When the cool, shorter days of September and October begin to wane, most folks wonder what the coming winter will be like. Will it be mild like so many of our coastal winters are, or will we have to put an extra log on the fire?
A couple of weeks ago we were observing the squirrel activity in the backyard and noticed that they were busier than usual. They were running back and forth to the raised bed garden boxes burying something.
Hubby, the investigator, observed for some time and reported that they were stashing nuts from the nearby pecan tree and putting them deep in the soil.
Now, that looks like some serious squirrel planning to me. Do the squirrels know something that we don’t?
If you read the Farmer’s Almanac and are a student of folklore, you know that Mother Natural often shows some signs of a harsh winter on the way. Of course, you could read the scientific calculations and predictions, but the folklore science is much more fun. It might even have some scientific basis, if you look closely enough.
Predictions of the severity of winter can be observed in the animal and plant world along with the weather of the months preceding winter. Some people use their body’s aches and pains along with their bunions, corns, and various twinges to predict the weather.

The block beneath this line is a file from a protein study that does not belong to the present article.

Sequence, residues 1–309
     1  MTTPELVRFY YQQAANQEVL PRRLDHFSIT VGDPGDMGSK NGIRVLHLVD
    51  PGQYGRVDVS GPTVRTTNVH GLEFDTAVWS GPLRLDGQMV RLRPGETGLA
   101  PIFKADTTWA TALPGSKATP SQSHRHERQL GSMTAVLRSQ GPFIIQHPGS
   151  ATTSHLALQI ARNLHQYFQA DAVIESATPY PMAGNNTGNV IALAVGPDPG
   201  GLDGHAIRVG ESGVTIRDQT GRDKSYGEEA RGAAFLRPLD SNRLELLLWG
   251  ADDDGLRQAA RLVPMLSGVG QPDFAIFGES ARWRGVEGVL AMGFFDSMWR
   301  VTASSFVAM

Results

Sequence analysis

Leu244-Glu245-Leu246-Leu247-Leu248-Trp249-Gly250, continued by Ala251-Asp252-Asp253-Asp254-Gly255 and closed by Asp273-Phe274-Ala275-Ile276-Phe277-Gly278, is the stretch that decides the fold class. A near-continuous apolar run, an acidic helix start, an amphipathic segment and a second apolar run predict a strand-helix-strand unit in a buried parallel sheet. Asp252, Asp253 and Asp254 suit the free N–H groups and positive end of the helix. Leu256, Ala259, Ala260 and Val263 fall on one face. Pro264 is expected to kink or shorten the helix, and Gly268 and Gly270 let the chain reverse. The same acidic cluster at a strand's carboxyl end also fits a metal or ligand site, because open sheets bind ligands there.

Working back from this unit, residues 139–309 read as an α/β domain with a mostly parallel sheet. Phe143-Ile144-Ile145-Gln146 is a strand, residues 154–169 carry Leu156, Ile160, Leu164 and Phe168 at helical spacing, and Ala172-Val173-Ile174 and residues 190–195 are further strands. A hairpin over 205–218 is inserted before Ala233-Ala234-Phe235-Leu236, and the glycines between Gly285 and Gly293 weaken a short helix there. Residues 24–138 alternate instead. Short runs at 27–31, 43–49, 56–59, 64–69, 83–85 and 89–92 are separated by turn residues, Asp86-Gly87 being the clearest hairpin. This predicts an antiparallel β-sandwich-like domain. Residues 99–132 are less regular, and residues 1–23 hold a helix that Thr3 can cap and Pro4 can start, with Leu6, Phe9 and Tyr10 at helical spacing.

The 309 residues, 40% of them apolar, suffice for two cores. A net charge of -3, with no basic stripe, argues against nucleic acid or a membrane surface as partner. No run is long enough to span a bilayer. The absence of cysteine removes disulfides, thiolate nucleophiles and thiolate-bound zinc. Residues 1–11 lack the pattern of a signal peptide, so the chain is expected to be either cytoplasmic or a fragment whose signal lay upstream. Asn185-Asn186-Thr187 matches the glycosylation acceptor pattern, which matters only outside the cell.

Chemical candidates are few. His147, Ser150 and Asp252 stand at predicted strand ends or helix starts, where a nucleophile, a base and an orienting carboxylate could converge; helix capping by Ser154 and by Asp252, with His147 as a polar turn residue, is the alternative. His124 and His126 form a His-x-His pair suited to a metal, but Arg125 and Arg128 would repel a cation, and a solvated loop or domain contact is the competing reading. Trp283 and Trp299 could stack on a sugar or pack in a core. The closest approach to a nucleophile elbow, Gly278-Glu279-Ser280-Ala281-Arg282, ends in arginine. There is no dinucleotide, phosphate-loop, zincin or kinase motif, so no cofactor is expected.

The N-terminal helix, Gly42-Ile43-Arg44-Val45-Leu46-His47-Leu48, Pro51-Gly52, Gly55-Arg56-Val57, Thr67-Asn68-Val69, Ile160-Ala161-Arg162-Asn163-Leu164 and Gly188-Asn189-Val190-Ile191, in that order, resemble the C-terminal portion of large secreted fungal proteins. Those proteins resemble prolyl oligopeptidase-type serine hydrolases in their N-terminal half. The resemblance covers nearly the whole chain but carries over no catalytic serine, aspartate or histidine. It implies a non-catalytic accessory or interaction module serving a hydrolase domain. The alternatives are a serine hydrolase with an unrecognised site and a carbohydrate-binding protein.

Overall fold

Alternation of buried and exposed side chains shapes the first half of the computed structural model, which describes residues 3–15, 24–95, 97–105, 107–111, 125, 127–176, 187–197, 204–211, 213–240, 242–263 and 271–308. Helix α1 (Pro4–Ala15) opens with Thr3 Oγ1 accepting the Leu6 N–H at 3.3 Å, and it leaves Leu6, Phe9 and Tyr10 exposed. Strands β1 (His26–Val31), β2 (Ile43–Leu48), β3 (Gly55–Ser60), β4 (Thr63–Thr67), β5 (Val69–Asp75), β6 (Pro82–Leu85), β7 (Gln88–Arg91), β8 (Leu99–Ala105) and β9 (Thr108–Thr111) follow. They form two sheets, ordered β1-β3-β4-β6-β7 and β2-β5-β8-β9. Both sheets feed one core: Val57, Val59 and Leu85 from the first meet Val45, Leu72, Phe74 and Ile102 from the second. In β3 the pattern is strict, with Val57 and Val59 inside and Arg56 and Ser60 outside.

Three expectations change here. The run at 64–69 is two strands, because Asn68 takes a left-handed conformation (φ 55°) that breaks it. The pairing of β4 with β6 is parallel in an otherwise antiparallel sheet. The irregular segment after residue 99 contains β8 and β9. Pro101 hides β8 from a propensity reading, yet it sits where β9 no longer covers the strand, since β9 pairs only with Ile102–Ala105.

Squirrels who frantically gather nuts, nest low in the trees, and have tails bushier than usual, might foresee a cold winter. Thick fur on animals like dogs, horses, rabbits, and cows and skunks that are fatter than usual are also predictors of cold temperatures.
Plants also show signs of preparation for winter. Thick corn husks, heavy berry growth on dogwood and holly trees, more acorns, hickory nuts, and walnuts are all signs of a cold winter on the way.
If leaves drop in the fall before reaching the height of color, you can expect a hard winter.
If the first week of August is hot and there are many fogs, there will be more snowfall. Generally, warm falls are followed by cold winters, while an early killing frost forecasts a harsh winter.
When there are more spiders and thick webs, you should expect a cold winter. The most studied profit of winter is the wooly worm. If they are crawling around slowly before the first frost, have heavy, black coats, and are plentiful, look out for a frigid season.
Scientifically named Pyrrhactia isabella, the furry creature is actually the larval stage of the Isabella Tiger Moth, a yellow moth with a two inch wing span. They spend the winter under bark, a rock, or a log and can endure —90 degrees. Some people believe that if you see more worms heading north, the winter will be mild, but if they point south, the winter will be colder.
Observe nature and make your own prediction. It’s fun, if not accurate.